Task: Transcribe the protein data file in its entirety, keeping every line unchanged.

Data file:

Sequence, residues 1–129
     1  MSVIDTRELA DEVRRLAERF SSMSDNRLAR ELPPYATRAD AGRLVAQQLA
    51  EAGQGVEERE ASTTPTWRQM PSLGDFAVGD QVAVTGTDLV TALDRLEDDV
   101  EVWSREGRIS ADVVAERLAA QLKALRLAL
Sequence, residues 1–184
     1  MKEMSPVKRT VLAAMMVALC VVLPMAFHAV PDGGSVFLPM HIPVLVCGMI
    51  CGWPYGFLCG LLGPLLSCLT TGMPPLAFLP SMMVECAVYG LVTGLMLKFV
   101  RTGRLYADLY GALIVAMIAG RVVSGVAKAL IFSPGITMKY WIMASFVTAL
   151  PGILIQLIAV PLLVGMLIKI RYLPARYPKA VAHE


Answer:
Sequence, residues 1–129
     1  MSVIDTRELA DEVRRLAERF SSMSDNRLAR ELPPYATRAD AGRLVAQQLA
    51  EAGQGVEERE ASTTPTWRQM PSLGDFAVGD QVAVTGTDLV TALDRLEDDV
   101  EVWSREGRIS ADVVAERLAA QLKALRLAL
Sequence, residues 1–184
     1  MKEMSPVKRT VLAAMMVALC VVLPMAFHAV PDGGSVFLPM HIPVLVCGMI
    51  CGWPYGFLCG LLGPLLSCLT TGMPPLAFLP SMMVECAVYG LVTGLMLKFV
   101  RTGRLYADLY GALIVAMIAG RVVSGVAKAL IFSPGITMKY WIMASFVTAL
   151  PGILIQLIAV PLLVGMLIKI RYLPARYPKA VAHE